R U OK? Campaign branding with Lisa Vertudaches
The creation of illustrated characters to accurately reflect a sensitive and emotive core message in a way that is modern, relevant, and inclusive of diverse audiences.
Art direction: Dorran Wajsman Co-Med.
Illustrations: Lisa Vertudaches
Stage 1 – Creation of new characters to communicate ALEC for R U OK? Day
R U OK? is a harm prevention charity that encourages people to stay connected and have conversations that can help others through difficult times in their lives. Their work focuses on building the motivation, confidence, and skills of the help-giver – the person who can have a meaningful conversation with someone who is struggling with life.
R U OK? has developed a simple four-step conversation model, ALEC, which is used across campaign resources (including video, print and digital materials) and features a corresponding illustration for each step. ALEC: Ask, Listen, Encourage Action and Check In.
Stage 2 – Creation of new characters for R U OK? Christmas Holiday communications
Building on the newly established character style for ALEC Dorran from Co-Med came back to work with Lisa Vertudaches again, this time to create visuals for RUOK? Christmas Holiday campaign. The charming blob-like characters returned in new form and were again used in various print and merchandise executions and as an animated story remembering that some people find Christmas and the end of year tough for many different reasons.
South Australian artist Lisa Vertudaches was chosen for the campaign for her unique ability to create charming blob-like characters with human traits and who are non-gendered and non-race-specific, easy to connect with and yet are still emotive and sensitive.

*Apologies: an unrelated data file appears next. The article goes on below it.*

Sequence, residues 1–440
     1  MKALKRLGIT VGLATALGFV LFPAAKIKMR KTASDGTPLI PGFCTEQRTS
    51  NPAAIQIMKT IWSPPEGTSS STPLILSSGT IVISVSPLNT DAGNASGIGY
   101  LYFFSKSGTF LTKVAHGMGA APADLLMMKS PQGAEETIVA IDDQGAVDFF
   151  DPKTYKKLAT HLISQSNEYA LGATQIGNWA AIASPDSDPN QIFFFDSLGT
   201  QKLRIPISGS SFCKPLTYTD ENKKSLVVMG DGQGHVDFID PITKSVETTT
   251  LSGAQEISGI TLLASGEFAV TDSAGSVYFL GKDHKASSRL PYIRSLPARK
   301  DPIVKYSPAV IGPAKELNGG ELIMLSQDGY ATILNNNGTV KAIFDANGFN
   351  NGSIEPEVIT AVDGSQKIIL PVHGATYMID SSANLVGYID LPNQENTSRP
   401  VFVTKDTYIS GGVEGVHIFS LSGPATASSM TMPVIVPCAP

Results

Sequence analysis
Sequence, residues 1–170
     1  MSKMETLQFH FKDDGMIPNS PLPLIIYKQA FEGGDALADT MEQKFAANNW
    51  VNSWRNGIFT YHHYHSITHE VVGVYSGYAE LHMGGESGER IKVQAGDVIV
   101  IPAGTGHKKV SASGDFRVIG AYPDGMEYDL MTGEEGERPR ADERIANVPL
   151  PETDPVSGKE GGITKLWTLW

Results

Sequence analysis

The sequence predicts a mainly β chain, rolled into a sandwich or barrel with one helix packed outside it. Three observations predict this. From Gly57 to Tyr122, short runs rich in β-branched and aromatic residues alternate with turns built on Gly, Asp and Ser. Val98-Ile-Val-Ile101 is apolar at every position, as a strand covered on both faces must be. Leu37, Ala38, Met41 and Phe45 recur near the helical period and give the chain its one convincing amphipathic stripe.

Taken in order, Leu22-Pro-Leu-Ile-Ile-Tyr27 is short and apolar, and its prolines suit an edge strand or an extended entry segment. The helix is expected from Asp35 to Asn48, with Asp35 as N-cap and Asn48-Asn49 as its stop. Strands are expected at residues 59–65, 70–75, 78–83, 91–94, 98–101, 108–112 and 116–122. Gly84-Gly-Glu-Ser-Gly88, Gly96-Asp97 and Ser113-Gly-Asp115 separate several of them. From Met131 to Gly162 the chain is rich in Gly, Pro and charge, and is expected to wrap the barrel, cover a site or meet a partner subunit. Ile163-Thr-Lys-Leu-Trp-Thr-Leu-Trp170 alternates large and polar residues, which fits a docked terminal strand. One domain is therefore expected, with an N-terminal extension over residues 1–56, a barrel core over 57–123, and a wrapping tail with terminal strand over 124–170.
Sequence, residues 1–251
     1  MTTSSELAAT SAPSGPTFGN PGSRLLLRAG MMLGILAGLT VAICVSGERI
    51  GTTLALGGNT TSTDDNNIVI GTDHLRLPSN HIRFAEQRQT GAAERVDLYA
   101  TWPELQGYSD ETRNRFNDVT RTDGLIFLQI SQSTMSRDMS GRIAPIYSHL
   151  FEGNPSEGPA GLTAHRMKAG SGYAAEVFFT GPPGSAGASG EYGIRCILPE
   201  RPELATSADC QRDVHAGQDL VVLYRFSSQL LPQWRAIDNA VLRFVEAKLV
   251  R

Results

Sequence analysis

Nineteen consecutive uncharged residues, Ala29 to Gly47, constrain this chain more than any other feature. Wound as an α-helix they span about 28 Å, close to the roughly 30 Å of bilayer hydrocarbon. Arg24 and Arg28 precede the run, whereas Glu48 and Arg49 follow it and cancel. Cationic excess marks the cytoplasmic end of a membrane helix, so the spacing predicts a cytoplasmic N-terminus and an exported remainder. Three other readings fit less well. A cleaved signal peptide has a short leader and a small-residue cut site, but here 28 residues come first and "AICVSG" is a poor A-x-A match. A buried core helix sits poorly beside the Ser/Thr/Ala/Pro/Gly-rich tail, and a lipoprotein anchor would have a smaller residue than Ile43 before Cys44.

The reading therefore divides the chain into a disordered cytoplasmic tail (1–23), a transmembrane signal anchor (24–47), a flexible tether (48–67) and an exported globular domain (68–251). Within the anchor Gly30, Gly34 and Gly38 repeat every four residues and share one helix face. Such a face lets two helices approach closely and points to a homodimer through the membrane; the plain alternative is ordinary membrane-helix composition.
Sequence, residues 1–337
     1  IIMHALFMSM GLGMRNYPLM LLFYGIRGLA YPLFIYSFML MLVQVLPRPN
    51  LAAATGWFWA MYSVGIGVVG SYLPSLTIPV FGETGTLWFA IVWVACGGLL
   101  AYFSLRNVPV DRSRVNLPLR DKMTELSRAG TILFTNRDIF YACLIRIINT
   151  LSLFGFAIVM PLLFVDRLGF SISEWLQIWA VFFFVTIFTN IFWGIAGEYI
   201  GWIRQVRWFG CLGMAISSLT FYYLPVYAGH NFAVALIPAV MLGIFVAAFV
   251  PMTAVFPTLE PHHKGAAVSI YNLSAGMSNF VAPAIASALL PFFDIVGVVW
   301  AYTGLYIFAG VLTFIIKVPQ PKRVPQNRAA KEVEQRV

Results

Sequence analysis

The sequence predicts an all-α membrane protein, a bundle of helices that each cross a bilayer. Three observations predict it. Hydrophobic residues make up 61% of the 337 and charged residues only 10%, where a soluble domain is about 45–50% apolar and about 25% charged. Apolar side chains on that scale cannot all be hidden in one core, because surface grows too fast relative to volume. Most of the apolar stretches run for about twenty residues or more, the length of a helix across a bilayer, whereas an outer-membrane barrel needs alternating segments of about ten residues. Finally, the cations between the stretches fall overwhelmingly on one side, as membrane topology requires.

“Lisa’s ability to capture the subject matter’s essence in each illustration is magical. In addition, she and Katie worked collaboratively with us to ensure that the images were on brand and conveyed R U OK?’s cornerstone 4-step message in a natural compassionate human way.” Dorran Wajsman, Art Director
“I think the hardest part about giving inanimate or blob-like creatures emotion is that not everyone reads expressions the same way. Something that I’m trying to express as grief could instead be interpreted as anger, or something else. I just have to make sure I’m communicating clearly to my audience, and sometimes that might involve the use of symbols, posture or surrounding detail to ensure a character will be perceived how I intend.” Lisa V
These characters have been used in different scenarios across various markets and applications from print to animation and merchandise. And importantly they do not rely on written words to get the message across for each step of the ALEC conversation model as this could be a barrier for those with literacy challenges or who don’t speak English as a first language.